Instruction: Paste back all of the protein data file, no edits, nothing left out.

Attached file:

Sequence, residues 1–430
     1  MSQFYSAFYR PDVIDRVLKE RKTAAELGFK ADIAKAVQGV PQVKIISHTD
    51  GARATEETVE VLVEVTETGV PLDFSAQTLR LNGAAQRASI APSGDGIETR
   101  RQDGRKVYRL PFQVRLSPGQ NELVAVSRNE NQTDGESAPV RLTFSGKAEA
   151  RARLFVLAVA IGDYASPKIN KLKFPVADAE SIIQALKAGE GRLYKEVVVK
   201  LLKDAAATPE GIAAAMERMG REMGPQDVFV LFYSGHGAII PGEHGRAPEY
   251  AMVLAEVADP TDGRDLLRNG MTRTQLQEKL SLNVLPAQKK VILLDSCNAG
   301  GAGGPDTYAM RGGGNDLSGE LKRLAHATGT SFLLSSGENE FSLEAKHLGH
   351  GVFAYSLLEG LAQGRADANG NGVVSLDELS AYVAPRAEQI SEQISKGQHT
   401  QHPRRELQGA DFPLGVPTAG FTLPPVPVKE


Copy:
Sequence, residues 1–430
     1  MSQFYSAFYR PDVIDRVLKE RKTAAELGFK ADIAKAVQGV PQVKIISHTD
    51  GARATEETVE VLVEVTETGV PLDFSAQTLR LNGAAQRASI APSGDGIETR
   101  RQDGRKVYRL PFQVRLSPGQ NELVAVSRNE NQTDGESAPV RLTFSGKAEA
   151  RARLFVLAVA IGDYASPKIN KLKFPVADAE SIIQALKAGE GRLYKEVVVK
   201  LLKDAAATPE GIAAAMERMG REMGPQDVFV LFYSGHGAII PGEHGRAPEY
   251  AMVLAEVADP TDGRDLLRNG MTRTQLQEKL SLNVLPAQKK VILLDSCNAG
   301  GAGGPDTYAM RGGGNDLSGE LKRLAHATGT SFLLSSGENE FSLEAKHLGH
   351  GVFAYSLLEG LAQGRADANG NGVVSLDELS AYVAPRAEQI SEQISKGQHT
   401  QHPRRELQGA DFPLGVPTAG FTLPPVPVKE